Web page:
Soon, there were only two rovers left - ours and one of the go-karts that seemed to have the most powerful motor.
The last round started and the gradient was death-defying.
The tiny go-kart tried and failed.
Now it was our turn. Cogs grated and the motor whined as the rover started up the hill... Unfortunately, as the rover was built to spec of transporting trees, it's weight was hampering it's progress and it ground to a halt halfway up, at pretty much the same point as the crappy go-kart.

A draw!

Surely our engineered rover, capable of actually carrying things and having a well designed gear system would be awarded the prize over the five minute cobbled-together go-kart which would barely carry a few twigs, never mind moon Christmas trees...

The teacher adjudicating decided that there was to be a play-off!
Who has the fastest rover over a flat surface?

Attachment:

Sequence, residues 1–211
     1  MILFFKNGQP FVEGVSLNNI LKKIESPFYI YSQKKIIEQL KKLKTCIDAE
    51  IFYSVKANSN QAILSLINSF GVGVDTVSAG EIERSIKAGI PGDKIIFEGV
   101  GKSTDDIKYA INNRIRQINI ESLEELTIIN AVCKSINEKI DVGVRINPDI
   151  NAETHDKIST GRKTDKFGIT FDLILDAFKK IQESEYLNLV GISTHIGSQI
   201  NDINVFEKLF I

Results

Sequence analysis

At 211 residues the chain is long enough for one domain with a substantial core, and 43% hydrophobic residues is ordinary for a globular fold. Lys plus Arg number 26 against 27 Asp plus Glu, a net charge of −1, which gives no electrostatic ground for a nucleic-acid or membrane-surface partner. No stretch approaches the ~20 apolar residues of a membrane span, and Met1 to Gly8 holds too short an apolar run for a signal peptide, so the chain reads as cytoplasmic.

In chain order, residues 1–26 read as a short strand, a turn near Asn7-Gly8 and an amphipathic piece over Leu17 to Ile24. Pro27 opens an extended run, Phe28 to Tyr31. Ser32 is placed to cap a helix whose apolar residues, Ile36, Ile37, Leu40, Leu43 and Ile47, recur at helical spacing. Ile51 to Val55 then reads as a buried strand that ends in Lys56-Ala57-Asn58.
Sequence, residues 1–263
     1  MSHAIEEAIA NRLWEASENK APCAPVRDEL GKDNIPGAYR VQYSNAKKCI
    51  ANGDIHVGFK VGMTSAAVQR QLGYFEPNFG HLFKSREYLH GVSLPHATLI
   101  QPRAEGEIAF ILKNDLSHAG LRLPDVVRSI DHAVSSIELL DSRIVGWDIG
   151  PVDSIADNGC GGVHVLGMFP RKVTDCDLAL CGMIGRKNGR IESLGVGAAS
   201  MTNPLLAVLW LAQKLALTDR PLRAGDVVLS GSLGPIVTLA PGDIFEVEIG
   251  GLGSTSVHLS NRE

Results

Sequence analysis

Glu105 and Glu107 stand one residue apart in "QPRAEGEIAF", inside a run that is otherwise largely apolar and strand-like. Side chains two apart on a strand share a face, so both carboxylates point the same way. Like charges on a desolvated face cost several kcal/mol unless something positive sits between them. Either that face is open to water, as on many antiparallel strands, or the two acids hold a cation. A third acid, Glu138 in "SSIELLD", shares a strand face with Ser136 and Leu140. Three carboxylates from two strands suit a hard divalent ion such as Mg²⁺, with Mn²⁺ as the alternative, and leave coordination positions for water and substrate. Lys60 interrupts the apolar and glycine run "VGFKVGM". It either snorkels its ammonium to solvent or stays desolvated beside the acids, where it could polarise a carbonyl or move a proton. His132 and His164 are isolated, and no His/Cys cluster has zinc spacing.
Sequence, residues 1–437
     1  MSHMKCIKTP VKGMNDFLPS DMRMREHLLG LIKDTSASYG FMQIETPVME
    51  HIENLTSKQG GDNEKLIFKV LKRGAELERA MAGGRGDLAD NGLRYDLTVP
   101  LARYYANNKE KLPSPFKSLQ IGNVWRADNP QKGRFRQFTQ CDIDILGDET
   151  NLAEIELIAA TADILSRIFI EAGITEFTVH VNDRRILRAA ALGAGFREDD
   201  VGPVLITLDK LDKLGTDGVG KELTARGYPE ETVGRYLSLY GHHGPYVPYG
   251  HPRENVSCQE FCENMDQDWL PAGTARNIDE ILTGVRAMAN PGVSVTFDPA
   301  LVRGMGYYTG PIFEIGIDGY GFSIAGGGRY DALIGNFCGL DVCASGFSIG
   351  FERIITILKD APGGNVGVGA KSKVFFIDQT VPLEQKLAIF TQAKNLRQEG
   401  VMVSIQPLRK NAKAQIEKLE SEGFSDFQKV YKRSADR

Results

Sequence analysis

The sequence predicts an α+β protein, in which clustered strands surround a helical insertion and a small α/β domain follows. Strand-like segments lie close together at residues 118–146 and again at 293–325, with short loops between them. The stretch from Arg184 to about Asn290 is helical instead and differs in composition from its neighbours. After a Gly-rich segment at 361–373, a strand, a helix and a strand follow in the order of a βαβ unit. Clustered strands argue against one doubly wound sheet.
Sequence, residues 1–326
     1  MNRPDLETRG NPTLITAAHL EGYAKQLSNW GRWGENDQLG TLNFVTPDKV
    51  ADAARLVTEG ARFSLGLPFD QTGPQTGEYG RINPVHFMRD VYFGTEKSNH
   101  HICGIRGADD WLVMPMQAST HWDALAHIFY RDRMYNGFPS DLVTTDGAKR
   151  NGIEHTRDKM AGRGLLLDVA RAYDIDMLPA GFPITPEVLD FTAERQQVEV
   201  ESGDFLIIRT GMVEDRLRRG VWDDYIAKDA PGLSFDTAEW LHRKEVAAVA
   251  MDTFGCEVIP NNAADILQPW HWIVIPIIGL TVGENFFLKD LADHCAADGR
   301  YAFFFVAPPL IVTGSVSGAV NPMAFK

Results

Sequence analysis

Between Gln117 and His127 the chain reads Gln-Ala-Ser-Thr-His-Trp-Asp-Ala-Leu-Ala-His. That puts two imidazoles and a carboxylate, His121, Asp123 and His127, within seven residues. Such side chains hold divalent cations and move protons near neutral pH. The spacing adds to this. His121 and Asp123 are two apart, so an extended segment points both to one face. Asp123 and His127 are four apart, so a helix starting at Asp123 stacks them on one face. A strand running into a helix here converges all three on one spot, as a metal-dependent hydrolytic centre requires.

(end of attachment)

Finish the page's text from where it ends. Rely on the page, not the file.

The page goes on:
To be honest, there wasn't much point even running the race as everyone in the room knew who would win.
We argued our case but to no avail - the teacher would not see reason and the kids with the go-kart were smug in the knowledge that we had no chance.

At the prize giving, we stood grinding our teeth, as each £75 stereo was handed over.
As the last kid received his stereo from the adjudicating teacher - two words still haunt me.

"Thanks Dad!"
(, Fri 14 Aug 2009, 10:27, 6 replies)
If any of the people who were there read this, they'll know who I am (or, at the very least, what I've done)
For some bizarre reason, as part of my Masters degree, I had to come up with a phylogeny showing the 'evolution' of biscuit. Yes, I had to draw a little chart showing how biscuits had changed through the ages as part of a flippin' Masters degree course. I was so proud of my work I sent it into a website (I think it was something like acupofteaandachat.com or some such). Unfortunately the laptop that stored this wonderful piece of research died about three years ago otherwise I would share it with you

If it helps, in my opinion, custard cream are the pinnacle of biscuit evolution.

Don't ask me about Jaffa cakes.
(, Fri 14 Aug 2009, 10:18, 35 replies)